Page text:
How Judges Actually Grade Beef

Judge Graded Beef Saudi Arabia

In our previous article we discussed the different ways of grading beef. It’s quite complex, is it not? To help simplify this process, we are following up with an article that explains, in simple terms you can refer back to our previous article for, how judges grade beef. This article will be much easier to fully explain the grading process, and will help to make much more sense of our previous article. There are three main grades set forth by the USDA. They are: Prime beef, Choice beef, and Select beef. Here are the differences between each according to the USDA:

  • Prime Beef: Prime beef is produced from young, well-fed beef cattle. It has abundant marbling, and is generally sold in hotels and restaurants. Prime roasts and steaks are excellent for broiling, roasting, or grilling. This is the top tier of beef you will see. If the beef carcass meets all the standards by a judge, it is then stamped as USDA Prime beef. It’s more expensive than the others, but absolutely worth it.
  • Choice Beef: Choice beef is high quality, but has less marbling than Prime beef. Choice roasts and steaks from the loin and rib will be very tender, juicy and flavorful and are suited for broiling, roasting or grilling. Less tender cuts are perfect for braising, roasting or simmering on the stovetop with a small amount of liquid. Choice beef tends to be either less juicy or less flavorful than Prime beef, but never both.
  • Select Beef: Select beef is very uniform in quality and is normally leaner than Prime or Choice beef. It is fairly tender, but, because it has less marbling, it may not have as much juiciness or flavor. Select beef is best for marinating or braising.
  • Standard Beef: Standard beef are usually the last grades to make it to the stores. They usually won’t be labeled, have very little marbling and can sometimes go by “ungraded”. Standard meat, once again, due to not having very much marbling is tougher, less juicy, and has less flavor than the other three grades of USDA beef. Standard beef is best suited for being cut into tender slices or “cutlets” and cooked by way of slow, moist heat with an addition of a flavorful sauce.

According to the Canadian Beef Grading Standards, the breakdown is similar but different in name, as follows with their descriptions:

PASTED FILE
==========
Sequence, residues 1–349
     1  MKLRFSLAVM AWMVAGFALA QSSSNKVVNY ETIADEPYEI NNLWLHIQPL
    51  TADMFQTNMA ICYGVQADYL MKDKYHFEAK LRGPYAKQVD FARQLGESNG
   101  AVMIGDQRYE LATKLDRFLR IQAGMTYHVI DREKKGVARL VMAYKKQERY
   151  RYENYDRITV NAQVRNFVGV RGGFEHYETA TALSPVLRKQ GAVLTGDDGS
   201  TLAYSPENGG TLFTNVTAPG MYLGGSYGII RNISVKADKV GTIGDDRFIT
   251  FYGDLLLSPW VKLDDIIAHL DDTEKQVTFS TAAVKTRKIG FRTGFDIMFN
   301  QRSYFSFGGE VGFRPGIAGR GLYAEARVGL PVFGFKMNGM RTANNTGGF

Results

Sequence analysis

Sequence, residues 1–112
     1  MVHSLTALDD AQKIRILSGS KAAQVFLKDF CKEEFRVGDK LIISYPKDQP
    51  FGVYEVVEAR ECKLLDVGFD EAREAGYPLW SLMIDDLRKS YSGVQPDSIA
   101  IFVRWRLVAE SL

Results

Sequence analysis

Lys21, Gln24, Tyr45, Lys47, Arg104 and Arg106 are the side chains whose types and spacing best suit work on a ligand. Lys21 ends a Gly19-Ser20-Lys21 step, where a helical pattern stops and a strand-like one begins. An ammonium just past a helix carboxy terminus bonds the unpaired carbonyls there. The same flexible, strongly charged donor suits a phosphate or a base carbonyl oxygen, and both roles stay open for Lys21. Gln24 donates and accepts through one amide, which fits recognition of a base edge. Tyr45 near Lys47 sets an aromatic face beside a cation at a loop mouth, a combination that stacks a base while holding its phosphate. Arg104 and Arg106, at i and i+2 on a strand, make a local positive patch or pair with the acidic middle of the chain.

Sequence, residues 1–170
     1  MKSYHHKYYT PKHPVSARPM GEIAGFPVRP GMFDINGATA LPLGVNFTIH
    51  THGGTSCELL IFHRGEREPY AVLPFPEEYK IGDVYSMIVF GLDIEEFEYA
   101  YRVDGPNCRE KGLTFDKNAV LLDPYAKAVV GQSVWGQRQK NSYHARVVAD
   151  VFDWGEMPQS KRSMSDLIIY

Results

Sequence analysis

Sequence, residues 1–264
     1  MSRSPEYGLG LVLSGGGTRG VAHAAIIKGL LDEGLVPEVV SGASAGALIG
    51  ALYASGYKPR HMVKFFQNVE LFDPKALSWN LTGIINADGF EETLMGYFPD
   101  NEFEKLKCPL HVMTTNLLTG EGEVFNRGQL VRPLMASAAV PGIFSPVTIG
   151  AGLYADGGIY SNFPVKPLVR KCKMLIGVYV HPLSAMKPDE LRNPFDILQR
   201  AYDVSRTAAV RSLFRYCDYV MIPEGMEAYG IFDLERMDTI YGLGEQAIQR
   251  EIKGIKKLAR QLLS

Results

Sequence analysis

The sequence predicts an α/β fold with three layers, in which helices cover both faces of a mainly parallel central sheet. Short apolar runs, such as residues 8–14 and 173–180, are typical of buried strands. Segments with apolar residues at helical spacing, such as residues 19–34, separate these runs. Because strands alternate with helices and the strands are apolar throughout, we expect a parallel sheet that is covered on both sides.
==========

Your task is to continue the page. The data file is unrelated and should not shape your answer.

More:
• Prime Beef: Slightly abundant marbling, youthful maturity, bright red in color only, no yellow fat permitted only white with good to excellent muscling and firm meat texture.
  • AAA Beef: Small amount of marbling, youthful maturity, and bright red in color only, no yellow fat permitted only white with good to excellent muscling and firm meat texture.
  • AA Beef: Slight amount of marbling, youthful maturity, and bright red in color only, no yellow fat permitted only white with good to excellent muscling and firm meat texture.
  • A Beef: Trace amounts of marbling, youthful maturity, and bright red in color only, no yellow fat permitted only white with good to excellent muscling and firm meat texture.

Canada has a slightly more stringent mode of grading beef. Whereas yellow fat is permitted in the United States to allow for a grade of Prime Beef, it is not in Canada. The meat can only be bright red in color in Canada to earn any of the four grades available, this is not the case with the USDA grading system. To meet the Canadian standards of grading, the meat must always be firm, unlike the USDA which is slightly more flexible on the texture of the meat.

The differences between these grades of beef can range from unnoticed to extreme. When considering which beef to purchase, there are things to note about each type of beef. For instance, you don’t need to spend that extra money on Prime beef when purchasing loin cuts as they are naturally tender and are nearly identical to Choice beef. When springing the extra money for the Prime beef, make sure you pick a beef that can cook to perfection because of the marbling and fat, i.e. a rib-eye or New York Strip.

Also, when searching for your Choice beef, there is often a subsection that is not labeled known by either “small marbling” or “moderate marbling”. If you don’t pay close attention to the marbling of the Choice steak you’re purchasing, you may be paying for a lower quality grade of beef even though it’s labeled Choice and costs the same as all the other beef cuts of the same type that are labeled as Choice beef.

When purchasing a Select beef, make sure to go for the loin or rib section as they will be tenderer than any other cut of Select beef. If you do happen to purchase a tougher cut of Select beef, it’s best to put that into a stew, marinate it heavily, or braise it.

Now that you have a breakdown to go by when choosing your grade of beef, stay smart and make sure your beef is graded appropriately and is marked accordingly. The Market is fully experienced and educated on the beef grading process and only selects the finest grades of beef there are on the market. If you ever have any questions about what types of beef we carry, call us anytime at +966.13.845.6798 and we will be happy to answer any and all your questions. We look forward to hearing from you soon! And our next article will covering the difference between wet and dry aging of beef. Stay tuned!